Governance

US officials urge to override Gilead patent

Most of US state attorney generals want the government to use its march-in-rights to license remdesivir to others

 
By Latha Jishnu
Last Updated: Monday 07 September 2020
US officials urge to override Gilead patent. Photo: Wikimedia Commons

Attorney generals (AG), we know, are the chief judicial officers of a nation or its states, appointed (or elected as in some of the 50 states of the US) to enforce the laws of the land. They are sticklers for the law and by no stretch of the imagination can they be activists. Oh, no. Why then were 34 of them, cutting across party lines, writing to the highest health officials of the country to override Gilead’s patents on remdesivir, the most hyped drug in the world? 

It is an unusual step for state AGs to take and possibly the first time so many of them have come together in a bipartisan effort. But then the novel coronavirus disease (COVID-19) pandemic has resulted in an unprecedented situation, with the US ravaged more than any other country.

The law officials have urged the federal government to exercise its march-in-rights against Gilead to ensure that Americans can access sufficient supplies of remdesivir during this pandemic and at affordable prices. Remdesivir, which earlier received emergency use authorisation to treat COVID-19 patients, is said to cut a patient’s hospital stay by five days.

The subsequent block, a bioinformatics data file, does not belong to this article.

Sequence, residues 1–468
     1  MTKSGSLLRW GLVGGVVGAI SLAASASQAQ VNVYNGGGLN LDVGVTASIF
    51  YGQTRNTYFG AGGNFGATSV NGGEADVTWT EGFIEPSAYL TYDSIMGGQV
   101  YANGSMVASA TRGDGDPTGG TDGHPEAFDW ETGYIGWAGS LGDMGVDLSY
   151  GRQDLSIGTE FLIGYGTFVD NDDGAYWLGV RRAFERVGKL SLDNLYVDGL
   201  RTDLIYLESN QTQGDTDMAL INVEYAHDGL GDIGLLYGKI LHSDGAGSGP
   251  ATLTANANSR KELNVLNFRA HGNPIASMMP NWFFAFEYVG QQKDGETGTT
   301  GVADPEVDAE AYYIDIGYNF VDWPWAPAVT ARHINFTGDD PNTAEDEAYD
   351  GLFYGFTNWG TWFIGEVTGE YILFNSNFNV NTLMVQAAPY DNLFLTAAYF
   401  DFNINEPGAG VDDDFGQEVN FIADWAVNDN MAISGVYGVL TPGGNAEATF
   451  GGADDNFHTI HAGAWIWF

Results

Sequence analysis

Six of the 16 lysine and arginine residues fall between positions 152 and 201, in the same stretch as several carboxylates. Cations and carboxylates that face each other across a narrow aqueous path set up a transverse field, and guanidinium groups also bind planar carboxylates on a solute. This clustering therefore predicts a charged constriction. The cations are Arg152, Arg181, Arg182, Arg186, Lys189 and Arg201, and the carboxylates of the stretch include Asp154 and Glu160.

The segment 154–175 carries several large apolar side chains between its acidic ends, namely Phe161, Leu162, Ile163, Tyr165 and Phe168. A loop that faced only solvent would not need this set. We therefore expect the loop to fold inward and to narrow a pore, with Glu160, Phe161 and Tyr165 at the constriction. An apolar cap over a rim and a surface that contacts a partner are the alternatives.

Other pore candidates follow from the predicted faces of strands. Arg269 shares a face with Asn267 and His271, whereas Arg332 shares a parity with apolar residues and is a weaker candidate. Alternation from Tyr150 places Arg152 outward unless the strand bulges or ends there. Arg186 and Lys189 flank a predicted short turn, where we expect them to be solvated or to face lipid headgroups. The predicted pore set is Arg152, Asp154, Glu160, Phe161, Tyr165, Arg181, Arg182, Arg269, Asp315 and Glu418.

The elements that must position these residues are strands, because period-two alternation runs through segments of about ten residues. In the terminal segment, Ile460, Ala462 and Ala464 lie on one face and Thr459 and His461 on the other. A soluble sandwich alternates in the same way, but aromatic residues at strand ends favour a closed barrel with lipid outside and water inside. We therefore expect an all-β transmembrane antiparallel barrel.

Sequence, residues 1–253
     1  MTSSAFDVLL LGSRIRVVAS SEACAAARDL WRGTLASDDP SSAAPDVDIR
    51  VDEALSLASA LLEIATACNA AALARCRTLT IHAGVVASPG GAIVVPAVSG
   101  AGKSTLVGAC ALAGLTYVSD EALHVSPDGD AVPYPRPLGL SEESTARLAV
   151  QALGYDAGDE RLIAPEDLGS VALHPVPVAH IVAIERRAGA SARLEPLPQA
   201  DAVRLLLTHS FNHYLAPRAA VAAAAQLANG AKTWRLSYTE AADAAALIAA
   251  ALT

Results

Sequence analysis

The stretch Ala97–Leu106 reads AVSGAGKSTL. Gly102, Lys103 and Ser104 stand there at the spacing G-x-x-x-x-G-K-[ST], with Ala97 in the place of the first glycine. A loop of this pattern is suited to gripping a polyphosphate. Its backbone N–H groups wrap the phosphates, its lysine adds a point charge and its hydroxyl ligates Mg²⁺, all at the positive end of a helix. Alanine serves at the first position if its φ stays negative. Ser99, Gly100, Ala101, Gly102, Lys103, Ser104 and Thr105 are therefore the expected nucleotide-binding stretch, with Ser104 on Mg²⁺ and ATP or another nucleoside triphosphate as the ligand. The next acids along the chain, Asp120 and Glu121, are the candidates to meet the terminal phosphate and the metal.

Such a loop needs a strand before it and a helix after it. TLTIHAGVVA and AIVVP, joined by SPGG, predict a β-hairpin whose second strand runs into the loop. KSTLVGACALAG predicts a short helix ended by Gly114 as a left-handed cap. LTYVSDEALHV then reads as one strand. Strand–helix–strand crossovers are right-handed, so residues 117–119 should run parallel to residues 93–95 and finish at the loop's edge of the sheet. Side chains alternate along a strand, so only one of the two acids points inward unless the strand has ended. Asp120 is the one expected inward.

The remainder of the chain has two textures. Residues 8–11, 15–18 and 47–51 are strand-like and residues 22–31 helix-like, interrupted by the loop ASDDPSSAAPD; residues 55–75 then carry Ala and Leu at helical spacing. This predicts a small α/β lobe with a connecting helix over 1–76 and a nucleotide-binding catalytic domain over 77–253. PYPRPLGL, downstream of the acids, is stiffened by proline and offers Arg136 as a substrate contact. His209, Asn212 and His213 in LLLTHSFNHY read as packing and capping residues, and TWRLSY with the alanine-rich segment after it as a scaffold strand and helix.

But as Gilead announced its exorbitant rates for the drug, there has been a widespread campaign to rein in the US multinational that has received over $70 million in public funds to develop remdesivir.

The AGs have joined in by accusing Gilead of neither setting a reasonable price nor meeting the health and safety needs of the public during the pandemic.They have written to Health Secretary Alex M Azar urging the federal government to use its march-in-rights to help increase the “dangerously low supply” of this drug and lower the price so that it is accessible to the residents of their 34 states. If not, he should support these states by assigning them the rights through the National Institutes of Health (NIH) and Food and Drug Administration. 

March-in-rights were created in 1980 by the Bayh-Dole Act that aimed at ensuring that the results of federally funded research were actually used for the benefit of consumers.

This law, which is somewhat akin to India’s compulsory licensing provisions in the Patents Act, acts as a safeguard if federally funded inventions are not offered at reasonable terms or used in ways that are detrimental to the public interest. In such cases, the agency that provided the funding can grant licences to third parties. The federal agency which poured money into remdesivir is NIH.

The worries of the states, that have been left to fend for themselves by the Trump Administration, are easy to understand. If Gilead supplies 85 per cent of its remdesivir to the US alone and their concerns is that it will not, only 1.7 million of the 4.6 million confirmed COVID-19 patients in the country (as of August 3) would have access to full treatment. Even if it supplies 90 per cent of its production to the home market it would not be able to meet the contingency.

The system so far has not shown that it has the guts to take on the big drug firms. Several appeals filed by public health groups and even lawmakers on the predatory pricing adopted by these companies have been consistently rejected by NIH. Will the pandemic make a difference?

This was first published in the 1-15 September, 2020 print edition of Down To Earth 

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